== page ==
Fis­cal deficit of 2.6% to GDP pos­si­ble

> This is based on fore­cast that oil prices will av­er­age US$50 a bar­rel in 2017: Deutsche Bank economist

The Sun (Malaysia) - - SPEAK UP - BY EVA YEONG

KUALA LUMPUR: The gov­ern­ment can re­duce the fis­cal deficit to as low as 2.6% of gross do­mes­tic prod­uct (GDP) if oil prices av­er­age US$50 (RM209) per bar­rel, said Deutsche Bank, Sin­ga­pore, economist Diana Rose del Rosario.

“Our house view is at least US$50 per bar­rel on av­er­age. If we are right in 2017, we see that the Fi­nance Min­istry has room to meet a lower fis­cal deficit of as low as 2.6% of GDP,” she said at a di­a­logue on Bud­get 2017 or­gan­ised by the Malaysian Eco­nomic As­so­ci­a­tion yes­ter­day.

She said the 3% fis­cal deficit pro­jec­tion an­nounced un­der Bud­get 2017 is on the con­ser­va­tive side and made un­der the as­sump­tion of an av­er­age oil price of US$45 per bar­rel.

Rosario said some of the down­side risks that may af­fect Malaysia are pro­tracted weak­ness in com­mod­ity prices, global trade ac­tiv­ity, slow­down in China and Euro­pean Union un­cer­tainty aris­ing from Brexit.

Rosario said in or­der to con­tinue with its fis­cal con­sol­i­da­tion, Malaysia must strive for a lean and ef­fi­cient pub­lic ser­vice.

“Emol­u­ments ac­count for 26% of to­tal opex and gov­ern­ment al­ready tight­ened spend­ing in this area. It used to grow 10% year on year be­tween 2010 and 2014. In a sense growth has fallen 50% to 5% year on year 2016 to 2017. Suc­cess has been there in terms of tight­en­ing in this area but there re­mains great room to cut down emol­u­ments,” she said.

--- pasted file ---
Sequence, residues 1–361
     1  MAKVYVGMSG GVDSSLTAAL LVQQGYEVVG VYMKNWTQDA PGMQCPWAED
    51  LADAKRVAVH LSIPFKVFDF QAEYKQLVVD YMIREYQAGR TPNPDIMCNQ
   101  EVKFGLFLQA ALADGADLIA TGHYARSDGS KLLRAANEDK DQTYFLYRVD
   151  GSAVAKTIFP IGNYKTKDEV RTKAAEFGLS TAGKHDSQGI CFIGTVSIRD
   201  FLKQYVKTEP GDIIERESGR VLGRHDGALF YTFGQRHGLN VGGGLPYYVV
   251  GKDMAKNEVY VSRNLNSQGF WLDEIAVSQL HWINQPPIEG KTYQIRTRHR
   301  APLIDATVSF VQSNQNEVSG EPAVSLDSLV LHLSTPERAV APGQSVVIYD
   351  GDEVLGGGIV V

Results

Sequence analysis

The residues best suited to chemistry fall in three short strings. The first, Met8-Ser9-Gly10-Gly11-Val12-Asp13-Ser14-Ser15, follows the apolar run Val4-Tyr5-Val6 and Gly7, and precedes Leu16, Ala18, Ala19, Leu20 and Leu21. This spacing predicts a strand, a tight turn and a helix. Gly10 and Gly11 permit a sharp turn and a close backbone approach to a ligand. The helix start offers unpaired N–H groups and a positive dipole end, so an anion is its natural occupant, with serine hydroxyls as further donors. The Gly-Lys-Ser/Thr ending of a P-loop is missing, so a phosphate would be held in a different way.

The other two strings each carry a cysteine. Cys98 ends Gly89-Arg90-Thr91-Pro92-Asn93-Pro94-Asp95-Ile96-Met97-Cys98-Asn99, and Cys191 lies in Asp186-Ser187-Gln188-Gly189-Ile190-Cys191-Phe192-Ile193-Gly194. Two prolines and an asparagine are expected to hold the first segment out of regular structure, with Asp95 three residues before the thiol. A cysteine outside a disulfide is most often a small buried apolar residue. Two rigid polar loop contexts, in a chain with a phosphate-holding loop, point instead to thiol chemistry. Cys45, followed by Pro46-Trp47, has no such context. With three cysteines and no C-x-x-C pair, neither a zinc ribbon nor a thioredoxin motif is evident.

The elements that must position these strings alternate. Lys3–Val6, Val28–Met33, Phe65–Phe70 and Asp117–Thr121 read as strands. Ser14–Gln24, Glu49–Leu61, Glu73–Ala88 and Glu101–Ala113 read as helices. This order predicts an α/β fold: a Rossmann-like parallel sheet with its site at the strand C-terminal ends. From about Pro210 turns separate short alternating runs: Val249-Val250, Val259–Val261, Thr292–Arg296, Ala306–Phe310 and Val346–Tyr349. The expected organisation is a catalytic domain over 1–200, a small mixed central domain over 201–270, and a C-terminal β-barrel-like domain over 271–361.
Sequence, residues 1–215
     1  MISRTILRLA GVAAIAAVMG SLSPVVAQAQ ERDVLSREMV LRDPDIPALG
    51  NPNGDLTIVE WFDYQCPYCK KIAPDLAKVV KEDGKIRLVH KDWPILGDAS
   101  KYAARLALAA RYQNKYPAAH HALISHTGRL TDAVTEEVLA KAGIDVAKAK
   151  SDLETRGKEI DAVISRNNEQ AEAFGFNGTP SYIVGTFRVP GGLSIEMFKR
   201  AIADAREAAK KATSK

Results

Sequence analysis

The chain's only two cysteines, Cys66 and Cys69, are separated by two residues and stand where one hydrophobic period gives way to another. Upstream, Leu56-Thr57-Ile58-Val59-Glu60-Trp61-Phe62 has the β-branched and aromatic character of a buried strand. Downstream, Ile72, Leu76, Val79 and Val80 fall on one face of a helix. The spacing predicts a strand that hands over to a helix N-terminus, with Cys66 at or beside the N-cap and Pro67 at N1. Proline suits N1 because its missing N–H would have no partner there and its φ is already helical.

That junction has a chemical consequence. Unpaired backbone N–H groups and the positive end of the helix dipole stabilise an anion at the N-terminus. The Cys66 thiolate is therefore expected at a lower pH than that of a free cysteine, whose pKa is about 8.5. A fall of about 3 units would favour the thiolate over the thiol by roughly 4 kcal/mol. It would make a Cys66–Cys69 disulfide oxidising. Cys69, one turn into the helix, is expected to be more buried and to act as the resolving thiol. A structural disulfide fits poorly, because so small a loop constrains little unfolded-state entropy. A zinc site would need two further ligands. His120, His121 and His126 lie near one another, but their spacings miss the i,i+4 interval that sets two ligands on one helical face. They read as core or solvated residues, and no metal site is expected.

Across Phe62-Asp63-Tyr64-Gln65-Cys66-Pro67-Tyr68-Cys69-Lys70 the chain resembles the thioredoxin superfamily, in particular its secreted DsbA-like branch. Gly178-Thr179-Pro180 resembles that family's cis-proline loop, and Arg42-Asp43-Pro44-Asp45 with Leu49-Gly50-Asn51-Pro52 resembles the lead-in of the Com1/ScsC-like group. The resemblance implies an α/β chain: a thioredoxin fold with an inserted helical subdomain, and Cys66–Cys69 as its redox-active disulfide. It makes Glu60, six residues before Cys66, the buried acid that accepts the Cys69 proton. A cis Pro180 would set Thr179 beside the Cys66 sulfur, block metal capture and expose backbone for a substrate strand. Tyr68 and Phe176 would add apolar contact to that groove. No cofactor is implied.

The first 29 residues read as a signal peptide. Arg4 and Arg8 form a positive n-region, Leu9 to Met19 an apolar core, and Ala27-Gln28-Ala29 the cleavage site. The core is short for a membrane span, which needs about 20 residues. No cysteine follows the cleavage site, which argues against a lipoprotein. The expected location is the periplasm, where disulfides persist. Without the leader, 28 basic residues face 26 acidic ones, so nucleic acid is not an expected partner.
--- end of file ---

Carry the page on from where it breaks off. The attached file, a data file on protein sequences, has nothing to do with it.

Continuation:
Rosario said Malaysia has a high num­ber of civil ser­vants com­pared with the rest of Asean, with 5.1 civil ser­vants for ev­ery 100 pop­u­la­tion.

Mean­while, she noted, debt ser­vice pay­ments and pen­sion charges ac­count for al­most 20% of to­tal opex. There is up­ward pres­sure on debt ser­vice pay­ments given that in­ter­est rates are set to rise while pen­sion charges are set to in­crease 15% this year.

While Malaysia’s ag­ing pace is set to sta­bilise over the next five years, the work­ing force is head­ing to­wards sus­tained de­cel­er­a­tion over the next five years.

“This does not bode well for tax col­lec­tions and do­mes­tic de­mand. There is a need to ramp up real wages, ide­ally stem­ming from a boost in pro­duc­tiv­ity, to off­set this,” she said, adding that there is room for fur­ther sub­sidy ra­tio­nal­i­sa­tion.

How­ever, she is scep­ti­cal about the gov­ern­ment’s pro­jec­tion for cor­po­rate in­come tax col­lec­tions, which is set to in­crease by RM6 bil­lion next year.

“We don’t see any force to drive CIT (cor­po­rate in­come tax) col­lec­tions given that CIT rate is the same ... but even with lower CIT col­lec­tions the gov­ern­ment can still achieve a fis­cal deficit of about 2.8% if the oil price is higher (than US$45 per bar­rel).”

Mean­while, Sec­re­tary Gen­eral of the Trea­sury Tan Sri Dr Mohd Ir­wan Seri­gar Ab­dul­lah said while con­tin­gent li­a­bil­i­ties are a pres­sure, there is no dan­ger in terms of de­fault.

He was com­ment­ing on claims that Non Fi­nan­cial Pub­lic Cor­po­ra­tions spend­ing deficit is a “time bomb”, grow­ing from RM10.6 bil­lion in 2013 to RM52.3 bil­lion in 2014 and RM56.9 bil­lion in 2015.

Newspapers in English

Newspapers from Malaysia

© PressReader. All rights reserved.